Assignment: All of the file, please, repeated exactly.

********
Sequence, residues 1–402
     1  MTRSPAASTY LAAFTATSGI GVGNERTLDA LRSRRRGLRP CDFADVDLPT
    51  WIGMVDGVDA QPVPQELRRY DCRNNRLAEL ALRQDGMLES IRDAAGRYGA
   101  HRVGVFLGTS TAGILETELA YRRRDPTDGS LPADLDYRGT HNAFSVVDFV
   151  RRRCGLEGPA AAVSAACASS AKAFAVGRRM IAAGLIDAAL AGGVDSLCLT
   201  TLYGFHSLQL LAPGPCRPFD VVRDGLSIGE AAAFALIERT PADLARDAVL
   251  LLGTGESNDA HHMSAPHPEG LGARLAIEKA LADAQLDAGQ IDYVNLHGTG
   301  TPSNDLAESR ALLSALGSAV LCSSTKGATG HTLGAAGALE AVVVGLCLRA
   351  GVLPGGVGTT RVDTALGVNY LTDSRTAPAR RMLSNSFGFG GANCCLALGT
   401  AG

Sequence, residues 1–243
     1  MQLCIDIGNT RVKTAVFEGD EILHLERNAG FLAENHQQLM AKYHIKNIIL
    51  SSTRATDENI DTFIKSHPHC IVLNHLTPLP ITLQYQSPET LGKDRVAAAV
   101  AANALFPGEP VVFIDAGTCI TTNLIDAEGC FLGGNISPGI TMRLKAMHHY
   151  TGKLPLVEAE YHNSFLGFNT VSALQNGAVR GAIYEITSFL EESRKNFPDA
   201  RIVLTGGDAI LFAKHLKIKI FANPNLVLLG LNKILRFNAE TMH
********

Sequence, residues 1–402
     1  MTRSPAASTY LAAFTATSGI GVGNERTLDA LRSRRRGLRP CDFADVDLPT
    51  WIGMVDGVDA QPVPQELRRY DCRNNRLAEL ALRQDGMLES IRDAAGRYGA
   101  HRVGVFLGTS TAGILETELA YRRRDPTDGS LPADLDYRGT HNAFSVVDFV
   151  RRRCGLEGPA AAVSAACASS AKAFAVGRRM IAAGLIDAAL AGGVDSLCLT
   201  TLYGFHSLQL LAPGPCRPFD VVRDGLSIGE AAAFALIERT PADLARDAVL
   251  LLGTGESNDA HHMSAPHPEG LGARLAIEKA LADAQLDAGQ IDYVNLHGTG
   301  TPSNDLAESR ALLSALGSAV LCSSTKGATG HTLGAAGALE AVVVGLCLRA
   351  GVLPGGVGTT RVDTALGVNY LTDSRTAPAR RMLSNSFGFG GANCCLALGT
   401  AG

Sequence, residues 1–243
     1  MQLCIDIGNT RVKTAVFEGD EILHLERNAG FLAENHQQLM AKYHIKNIIL
    51  SSTRATDENI DTFIKSHPHC IVLNHLTPLP ITLQYQSPET LGKDRVAAAV
   101  AANALFPGEP VVFIDAGTCI TTNLIDAEGC FLGGNISPGI TMRLKAMHHY
   151  TGKLPLVEAE YHNSFLGFNT VSALQNGAVR GAIYEITSFL EESRKNFPDA
   201  RIVLTGGDAI LFAKHLKIKI FANPNLVLLG LNKILRFNAE TMH